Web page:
In a cafe, people spend their time talking to each other about what’s on their mind. They talk about troubles with love, spread gossip about a friend of a friend and tell about the time they saw a flying fish. The waitress of the cafe tries to teach a lesson to a boy that just broke up with his girlfriend that relationships don’t end when the people involved part ways. Overall, the other people in the cafe also become influenced by what tools of humanity and the human language can do for relationships between lovers and friends. The unbelievable is always tested by science and our own imaginations...
It is easy to see the connections between Eve no Jikan and this early work by Studio Rikka. It is very similar in theme, set, and setting. While it shows the potential that later Studio Rikka films have, Mizu no Kotoba is still pretty rough around the edges. Watch Eve no Jikan first, if you like that then give this one a try.
Intro...Getting just small snippets of conversation in a cafe and a tiny window into the lives of those who are there.Story: 8I must admit that sometimes shorter animes tend to be better at conveying more information across than those which continue on for the standard length of time. In the same ways that Pale Cocoon, Voices of a Distance Star and Eve no Jikan are each short series that give barely anything other than story, so to is Mizu no Kotoba. Its actually hard for me to talk about the story because lasting only 9 minutes is ratrher a short amount of time, but for some reason, you find out so much from just "listening" to the conversations. Honestly, well worth watching.Animation: 9For those of you who've seen Eve no Jikan you'll most likely enjoy this as the cafe which it is set is very similiar. And the animation of the cafe itself is of high quality and the Aquatic part of the episode is a really nice touch and brilliantly animated. Honestly, it would have been perfect for animation had they touched the people up just a bit, but for me it was a real visual treat.Sound: 8What comes from something that lasts only 9 minutes in terms of sound? Well, actually quite a lot, as the conversations you pick up from the people in the cafe are brilliantly spoken with each person having their own distinctive voice that actually matches their onscreen appearance. The small piece of music in it somehow manages to capture the scene pretty nicely, yet to be honest remains somewhat lacking in its performance (after all, it would have been nice to had an actual piano playing it rather than a computer!).Characters: 9Mizu no Kobota is all about the characters which make it up. Although there is a 'main' character, actually the amount of time you spend learning about them gives you an insight into their lives and in someway, you want to know more about them. After all, what can you find out from someone in 9 minutes? Not an amazing amount as the time would fly by before you have finished describing what your job is. Yet here, we find multilple different characters and can get an impression of what they are actually like from the way they speak, what they say and to some extent the actions they perform.Overall: 8.5I must admit that it was hard to write this review in someways as because its so short, that talking about it would ultimately act as a spoiler. However, this alone is what makes this such a beautiful episode; the fact that it is so short that there is no chance for waste within it. Honestly, if your bored and need 9 minutes to kill, then watch this as you'll be wanting another 9 hours just to find out what they are really like. Go watch it.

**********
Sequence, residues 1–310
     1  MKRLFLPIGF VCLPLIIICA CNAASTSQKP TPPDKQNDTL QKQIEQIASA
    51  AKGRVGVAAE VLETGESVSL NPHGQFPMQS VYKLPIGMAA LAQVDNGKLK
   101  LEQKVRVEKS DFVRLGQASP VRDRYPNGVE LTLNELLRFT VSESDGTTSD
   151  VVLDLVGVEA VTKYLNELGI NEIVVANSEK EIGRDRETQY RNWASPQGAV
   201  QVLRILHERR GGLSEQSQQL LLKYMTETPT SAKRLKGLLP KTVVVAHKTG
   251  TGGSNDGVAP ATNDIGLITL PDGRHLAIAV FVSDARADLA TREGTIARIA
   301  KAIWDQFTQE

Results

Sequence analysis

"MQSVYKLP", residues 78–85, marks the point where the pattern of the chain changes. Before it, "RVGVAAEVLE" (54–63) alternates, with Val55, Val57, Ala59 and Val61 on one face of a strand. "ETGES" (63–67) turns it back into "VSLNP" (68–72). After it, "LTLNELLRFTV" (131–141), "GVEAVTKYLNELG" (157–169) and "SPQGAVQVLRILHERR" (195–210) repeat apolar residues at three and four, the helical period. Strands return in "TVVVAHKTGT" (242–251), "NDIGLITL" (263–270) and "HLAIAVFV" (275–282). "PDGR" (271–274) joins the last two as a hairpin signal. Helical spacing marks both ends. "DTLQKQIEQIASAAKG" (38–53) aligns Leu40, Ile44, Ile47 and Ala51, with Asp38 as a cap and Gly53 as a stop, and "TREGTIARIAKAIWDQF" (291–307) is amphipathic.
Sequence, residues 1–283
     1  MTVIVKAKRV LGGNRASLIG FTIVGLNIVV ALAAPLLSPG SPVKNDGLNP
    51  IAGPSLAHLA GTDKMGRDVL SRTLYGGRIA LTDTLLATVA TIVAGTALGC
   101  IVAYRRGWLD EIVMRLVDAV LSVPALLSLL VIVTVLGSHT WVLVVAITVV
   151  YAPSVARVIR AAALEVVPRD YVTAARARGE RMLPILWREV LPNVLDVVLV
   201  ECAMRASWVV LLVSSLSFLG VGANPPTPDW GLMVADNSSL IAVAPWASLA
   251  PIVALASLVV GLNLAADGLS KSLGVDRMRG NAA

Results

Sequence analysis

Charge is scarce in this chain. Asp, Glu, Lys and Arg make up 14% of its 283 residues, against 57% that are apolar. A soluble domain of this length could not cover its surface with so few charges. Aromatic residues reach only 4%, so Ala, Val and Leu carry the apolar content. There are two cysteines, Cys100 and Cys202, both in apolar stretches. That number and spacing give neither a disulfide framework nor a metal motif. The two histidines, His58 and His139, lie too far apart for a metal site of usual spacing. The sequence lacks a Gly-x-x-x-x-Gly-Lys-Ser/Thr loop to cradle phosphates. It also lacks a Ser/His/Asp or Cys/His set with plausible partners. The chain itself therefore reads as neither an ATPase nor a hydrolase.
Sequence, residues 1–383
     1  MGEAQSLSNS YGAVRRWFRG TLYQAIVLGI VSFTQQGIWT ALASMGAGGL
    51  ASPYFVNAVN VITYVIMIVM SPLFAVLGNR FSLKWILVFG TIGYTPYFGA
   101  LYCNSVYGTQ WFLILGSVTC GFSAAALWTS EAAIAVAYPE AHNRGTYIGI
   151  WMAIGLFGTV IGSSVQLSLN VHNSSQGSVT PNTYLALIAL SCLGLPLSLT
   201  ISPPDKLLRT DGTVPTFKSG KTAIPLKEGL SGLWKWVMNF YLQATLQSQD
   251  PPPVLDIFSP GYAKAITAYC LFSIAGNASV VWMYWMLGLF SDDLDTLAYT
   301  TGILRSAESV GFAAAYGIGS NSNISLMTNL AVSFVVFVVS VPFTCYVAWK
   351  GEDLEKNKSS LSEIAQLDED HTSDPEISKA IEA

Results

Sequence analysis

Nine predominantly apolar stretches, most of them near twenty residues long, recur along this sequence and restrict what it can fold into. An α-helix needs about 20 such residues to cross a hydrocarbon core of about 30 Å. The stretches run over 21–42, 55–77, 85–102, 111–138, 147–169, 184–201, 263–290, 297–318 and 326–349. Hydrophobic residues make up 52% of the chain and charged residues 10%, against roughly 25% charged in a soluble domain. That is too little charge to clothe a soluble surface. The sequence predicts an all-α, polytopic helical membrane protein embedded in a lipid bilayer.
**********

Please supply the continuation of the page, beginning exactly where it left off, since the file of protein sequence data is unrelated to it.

What I Liked: Blends some seemingly disconnected and slipshod ideas into a rather coherent story about the importance of communication. Nice use of dramatic cuts and overflowing dialogue. The simplisitc and alternate animation style. What I Didn't: The dated and junky animation style. Sound and music is nothing to write home about, and feels rather early-00's "cool". Final Verdict: While it has the kinetic visual and aural style of a monochromatic 00's Adult Swim show (and the rough ameteurish feel of one too), Aquatic Language is still a curious little oddity that manages to utilise its limited run-time and setting to its full potential.
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